Matthew was set up with multiple therapies. As an infant he received developmental infant stimulation 2 times per week, PT and OT 2 times per week, Speech therapy once a week and Vision specialist once per month. At age 4 he was able to get himself from the floor to sitting position and bottom scoot across the floor which was previously a big challenge due to his big head and low tone and he could army crawl and was able to walk and run with assistance from a walker with support between his legs. Now at age 9 he can walk unassisted but still has difficulty with curbs and steps if there is no rail. He has fatigue with walking long distances and requires an adaptive stroller due to this. He does not jump and has balance issues. He occasionally injures his knee or hips due to the hypermobility of his joints and requires resting for several days to weeks after. He used to wear braces to assist with ankle and knee support but now he is mainly wearing tennis shoes with a 2 cm lift on the left for leg length discrepancy. His speech was delayed (he only had a few words at age 2) but short sentences by age 4, and now is extremely verbal at age 9. His vision is impaired, he had estropia which improved after decompression surgery and he had strabismus surgery in 2007 and again in 2010. He has issues with his lower field of vision and depth perception. Although he can see and can match letters/objects he is not yet identifying letters or numbers consistently. We suspect a issue with visual processing as the visual acuity seems to be functional. He has been able to memorize some site words. He can spell words verbally. If you ask him to spell the a word he can do so verbally, or if you spell a word he can tell you what it is. If you give him just the phonetic sound he will tell you the letter. Anyway it has been quite a challenge at school and we have not yet found the curriculum or method that can help him master reading. He is included in the general education setting with a one on one aide and special education support. He receives speech therapy, occupational therapy, vision services, adaptive PE , and orientation and mobility services when at school. In addition he goes to the medical therapy unit once a week for PT and OT. He has fine motor delay and can not write but is pretty successful with a touch screen on his IPAD. He has had an evaluation by a neuropsychologist that made specific recommendations for school and home. He receives 2 hours a day of behavioral therapy after school each day. His major behaviors have really been task avoidance, because the fine motor activities are difficult for him. The behaviorists are also working on social goals because although he is very friendly his ability to have a conversation (ie. ask appropriate questions and give appropriate answers) with his peers is somewhat limited. He often tells random strangers he loves them and engages everyone in conversation. They have also worked on daily living skills and he can now make his own sandwich, use the microwave, start the dishwasher, and do the laundry. Matthew was also seen at the Southern California Diagnostic Center through a referral through our school district. Despite the eval by the psychologist, AT, vision, OT, and geneticist there, the only significant recommendation was to give up on academics, do a functional curriculum , use the IPAD only for leisure activities and verbal spelling a useless skill. So not so helpful. Despite all of Matthew’s challenges, he has made significant progress. Those who were told that there will be a plateau at age 8, I wouldn’t count on that. We as parents are still trying to help him maximize his potential and he gains new skills and surprises us each day. As far as the specialists he sees now or in the past, they include genetics, pediatrician, developmental pediatrician, orthotist, orthopedic surgeon, pediatric neurologist, pediatric neurosurgeon, neuropsychologist, opthamologist, developmental opthamolotist, dermatologist, dentist (He has required dental work under anesthesia), podiatrist, plastic surgeon (due to significant drooling from his hypotonia even at age 9), and ENT. It has been recommended we see endocrine because of his persistent hypoglycemia with fasting, I haven’t done that yet but have spoken to several regarding this issue.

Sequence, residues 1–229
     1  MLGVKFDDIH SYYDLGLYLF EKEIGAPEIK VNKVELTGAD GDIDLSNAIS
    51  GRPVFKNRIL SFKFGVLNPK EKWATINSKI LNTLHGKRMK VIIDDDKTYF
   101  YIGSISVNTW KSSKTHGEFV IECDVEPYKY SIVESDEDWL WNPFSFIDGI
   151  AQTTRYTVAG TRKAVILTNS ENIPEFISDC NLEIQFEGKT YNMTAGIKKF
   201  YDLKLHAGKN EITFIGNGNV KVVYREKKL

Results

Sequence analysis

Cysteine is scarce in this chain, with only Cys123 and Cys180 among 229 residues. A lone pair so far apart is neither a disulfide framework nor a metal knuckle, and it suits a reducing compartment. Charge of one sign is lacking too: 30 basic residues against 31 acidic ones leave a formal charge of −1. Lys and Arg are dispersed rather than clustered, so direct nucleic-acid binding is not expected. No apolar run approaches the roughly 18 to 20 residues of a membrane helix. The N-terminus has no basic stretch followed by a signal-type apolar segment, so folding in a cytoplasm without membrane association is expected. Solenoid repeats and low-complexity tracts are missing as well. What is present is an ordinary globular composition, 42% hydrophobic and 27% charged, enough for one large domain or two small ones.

Despite all of his surgeries and challenges, Matthew is a very happy child and a joy to us as parents. His infectious laugh, sense of humor, and pleasant demeanor are evident to all that meet him. I am so thankful for the original M-CMTC website, otherwise we would have not found his diagnosis.

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About Heidi Heidi Frost lives in the United Kingdom. She is married with three children. The eldest, Jack, was pre-natally diagnosed with profound disabilities when Heidi was 28 weeks pregnant, although he was 8 years old before he was correctly diagnosed with M-CM. Jack is now 17.

Heidi is a full time Mum to Jack and his siblings, and spends her time caring for Jack, attending medical appointments and negotiating the minefield of obtaining necessary services for her son.

Heidi created a website about Jack in 2005 and found that telling Jack’s story was an incredibly positive and healing experience and she is looking forward to assisting other M-CM families to do the same. In her spare time she enjoys writing about her life with Jack on her website and spending time with her husband and children.